BandWidth = (Upper Bollinger Band - Lower Bollinger Band) / Middle Bollinger Band %b = (Last - Lower Bollinger Band) / (Upper Bollinger Band - Lower Bollinger Band) BandWidth is most often used to quantify a volatility-based trading opportunity. %b is used to clarify trading patterns and as an input for trading systems.

So one of the ways to create a credit spread with the highest likelihood of expiring worthless is to only trade when the stock or index you are following hits or exceeds the outer reaches of either the upper or lower Bollinger Band—and then sell a strike price at least five to six percent further out-of-the money from the band assuming you are selling less than 3 weeks of time.

An example would be an index that has traded over the past six months in a range between 44 at the low end and 51 at the high end and you notice that the index is trading at the upper Bollinger Band—very close to 51.00. You would then sell a strike price approximately five percent higher than that—in this case anything more than 2.55 (5%)—say 2 strikes—the 53.00 strike price or above.

The basis for this strategy is this: if we initiate our trade at the outer Bollinger Band AND the stock is toward the extreme end of its recent range then we are assuming that by definition the price is extreme.

The index has already moved quite a bit to get there and is therefore over-extended. Over-extended stocks tend to snap-back toward the middle trend.

We know based on the mathematical theory of ‘reversion to the mean’ that the further price travels away from the mean (the middle line of the Bollinger Bands) the more over-extended and the greater the likelihood of a reversal back toward the average. Think of price having a rubber band attached to it and the other end of the rubber band is attached to the mean or average price. The further price travels away from the mean, the tighter this rubber band gets stretched and the greater the probability of a movement back inside the channel toward the average price.

So if price is already extended at the outer Bollinger Band and the stock is toward the extreme end of its range we'll sell four to six percent beyond the current price. That way the price would have to become super overextended to touch our sold strike. Super over-extended happens occasionally, but not often—and the likelihood is that it will correct itself by reverting back toward the average price before your strike is touched—and this is key.

You always want to stack the averages in your favor and selling option strike prices well outside the outer Bollinger Band is a great way to do it, assuming the outer band is two standard deviations away from the mean.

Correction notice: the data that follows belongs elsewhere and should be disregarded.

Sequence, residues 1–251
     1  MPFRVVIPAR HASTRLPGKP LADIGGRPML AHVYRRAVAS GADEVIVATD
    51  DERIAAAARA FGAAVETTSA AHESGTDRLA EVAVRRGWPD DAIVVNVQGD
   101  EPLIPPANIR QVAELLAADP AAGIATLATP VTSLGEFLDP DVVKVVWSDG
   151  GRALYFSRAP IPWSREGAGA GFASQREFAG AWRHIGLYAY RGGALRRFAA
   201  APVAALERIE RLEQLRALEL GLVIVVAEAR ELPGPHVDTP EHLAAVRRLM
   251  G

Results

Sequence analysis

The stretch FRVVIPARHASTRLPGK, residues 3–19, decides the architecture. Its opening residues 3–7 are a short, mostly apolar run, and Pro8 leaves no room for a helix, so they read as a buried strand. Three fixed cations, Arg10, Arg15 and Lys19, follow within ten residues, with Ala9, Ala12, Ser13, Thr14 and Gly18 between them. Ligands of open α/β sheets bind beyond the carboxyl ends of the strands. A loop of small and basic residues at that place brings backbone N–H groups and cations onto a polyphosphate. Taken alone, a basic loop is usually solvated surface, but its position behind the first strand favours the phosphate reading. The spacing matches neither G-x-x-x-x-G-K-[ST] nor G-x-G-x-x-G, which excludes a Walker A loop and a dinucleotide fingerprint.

Another way to use Bollinger Bands is to place bands at two standard deviations for the trade trigger, and three standard deviations for the sold strike selection. This effectively creates an over-sold or over-bought band as a trade alert indicator, and a 'super-extreme' band even further out as a strike point to sell premium.

The beauty of this strategy is if you overlay a chart with a three standard deviation Bollinger Band channel you’ll find that the stock price almost never reaches this three deviation line—it simply requires too much of an over-extension of price to occur.

You can easily back-test this three standard deviation model by applying the bands and then looking back over the chart you are trading to determine when—if ever—this third deviation line is penetrated. You’ll likely find it reassuring to see that this is a very rare occurrence making selling a strike at this 3 standard deviation line a high profit, low risk proposition—exactly the kind of trade we’re looking for.

Strategy Number Two: Trade at Implied Volatility Extremes

We’ve just seen how using Bollinger Bands to determine extremes can be an effective way to make sure your sold strike is never hit, but we can go even further.

It’s always a good idea to confirm any indicator with other indicators to give yourself even better odds of winning. So Bollinger Bands give you an indication of whether or not price is at an extreme, but there is another indicator we can use to tell us whether or not the extreme is likely to be reversed in the immediate future.

This indicator is called implied volatility and it can most easily be seen in various volatility indices. There are currently many volatility measures in the markets, but the most popular is the volatility index for the SP-500 (VIX), the volatility index for the SP-100 (VXO) and the volatility index for the Nasdaq 100 (VXN).